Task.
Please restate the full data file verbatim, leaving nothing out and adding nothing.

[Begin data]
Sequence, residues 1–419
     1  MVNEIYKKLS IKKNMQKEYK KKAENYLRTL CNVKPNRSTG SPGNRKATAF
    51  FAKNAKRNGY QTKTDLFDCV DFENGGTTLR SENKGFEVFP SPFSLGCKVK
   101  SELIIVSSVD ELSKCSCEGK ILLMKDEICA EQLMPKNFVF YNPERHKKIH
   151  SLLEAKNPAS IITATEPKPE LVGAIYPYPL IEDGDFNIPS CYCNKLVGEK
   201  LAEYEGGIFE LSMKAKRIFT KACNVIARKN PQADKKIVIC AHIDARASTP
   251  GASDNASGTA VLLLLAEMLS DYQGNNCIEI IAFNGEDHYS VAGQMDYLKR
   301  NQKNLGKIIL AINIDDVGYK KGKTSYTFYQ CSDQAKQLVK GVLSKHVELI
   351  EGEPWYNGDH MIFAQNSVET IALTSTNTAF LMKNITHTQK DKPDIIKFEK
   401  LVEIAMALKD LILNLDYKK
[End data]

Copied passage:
Sequence, residues 1–419
     1  MVNEIYKKLS IKKNMQKEYK KKAENYLRTL CNVKPNRSTG SPGNRKATAF
    51  FAKNAKRNGY QTKTDLFDCV DFENGGTTLR SENKGFEVFP SPFSLGCKVK
   101  SELIIVSSVD ELSKCSCEGK ILLMKDEICA EQLMPKNFVF YNPERHKKIH
   151  SLLEAKNPAS IITATEPKPE LVGAIYPYPL IEDGDFNIPS CYCNKLVGEK
   201  LAEYEGGIFE LSMKAKRIFT KACNVIARKN PQADKKIVIC AHIDARASTP
   251  GASDNASGTA VLLLLAEMLS DYQGNNCIEI IAFNGEDHYS VAGQMDYLKR
   301  NQKNLGKIIL AINIDDVGYK KGKTSYTFYQ CSDQAKQLVK GVLSKHVELI
   351  EGEPWYNGDH MIFAQNSVET IALTSTNTAF LMKNITHTQK DKPDIIKFEK
   401  LVEIAMALKD LILNLDYKK